EU has 35 billion-euro list if U.S. hits its cars, trade chief says
By Philip Blenkinsop
BRUSSELS (Reuters) - The European Union will retaliate with extra duties on 35 billion euros ($39.1 billion) worth of U.S. goods if Washington imposes punitive tariffs on EU cars, the bloc's trade chief said on Tuesday.
"We will not accept any managed trade, quotas or voluntary export restraints and, if there were to be tariffs, we would have a rebalancing list," European Trade Commissioner Cecilia Malmstrom told a committee of the European Parliament.
"It is already basically prepared, worth 35 billion euros. I do hope we do not have to use that one," she continued.
U.S. President Donald Trump declared in May that some imported vehicles and parts pose a national security threat. But he delayed for six months a decision on whether to impose tariffs to allow time for trade talks with the EU and Japan. That six months ends in mid-November.
"We welcome the decision by the U.S. not to impose duties on cars and car parts, but of course the very notion that European cars can be a national security threat to the U.S. is absurd," Malmstrom said.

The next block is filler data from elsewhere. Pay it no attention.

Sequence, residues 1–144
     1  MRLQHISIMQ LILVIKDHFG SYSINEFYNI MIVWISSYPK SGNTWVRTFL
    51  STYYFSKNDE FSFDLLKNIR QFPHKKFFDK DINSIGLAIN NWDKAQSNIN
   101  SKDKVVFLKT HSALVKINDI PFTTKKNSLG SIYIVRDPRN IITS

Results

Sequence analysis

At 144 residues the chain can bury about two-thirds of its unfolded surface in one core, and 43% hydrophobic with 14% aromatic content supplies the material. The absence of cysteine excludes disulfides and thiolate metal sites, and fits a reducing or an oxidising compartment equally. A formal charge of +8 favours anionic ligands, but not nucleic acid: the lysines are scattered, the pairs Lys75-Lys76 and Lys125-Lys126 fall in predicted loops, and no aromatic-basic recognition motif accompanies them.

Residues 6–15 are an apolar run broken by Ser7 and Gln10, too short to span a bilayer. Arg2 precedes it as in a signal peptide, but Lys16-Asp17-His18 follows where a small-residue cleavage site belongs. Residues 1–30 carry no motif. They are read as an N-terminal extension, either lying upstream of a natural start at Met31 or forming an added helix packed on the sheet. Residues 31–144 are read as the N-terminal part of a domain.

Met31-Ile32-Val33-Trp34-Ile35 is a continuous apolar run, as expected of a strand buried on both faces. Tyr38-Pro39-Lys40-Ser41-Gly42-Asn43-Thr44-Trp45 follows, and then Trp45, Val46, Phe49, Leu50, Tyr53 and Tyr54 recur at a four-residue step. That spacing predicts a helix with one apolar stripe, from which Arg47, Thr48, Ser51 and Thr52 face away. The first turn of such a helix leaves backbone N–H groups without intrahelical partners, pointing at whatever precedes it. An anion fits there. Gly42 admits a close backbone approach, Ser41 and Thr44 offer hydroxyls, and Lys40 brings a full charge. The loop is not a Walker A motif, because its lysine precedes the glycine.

She added that trade talks with the United States had produced mixed results.
There had been progress on a deal to make it easier for companies to show their products meet the standards of the EU or U.S. market, but none on a proposed deal to remove tariffs on industrial goods.
"We have still not started those negotiations. The U.S. is not ready to start them if agriculture is not included, which is a red line for us. So for the moment, nothing happens here," Malmstrom said.
The EU trade chief also said she hoped that the European Union and the United States could find a settlement in a long-running dispute over government aid for U.S. planemaker Boeing (NYSE: BA) and European rival Airbus (NYSE: AIR).
An arbitrator for the World Trade Organization is expected to decide in September what level of sanctions Washington can impose related to European subsidies for Airbus, with the EU likely to get a decision on sanctions early next year.
"We would hope we can close that chapter in our relationship and hope to find a way forward," Malmstrom said.
(Reporting by Philip Blenkinsop; editing by Robin Emmott, Larry King)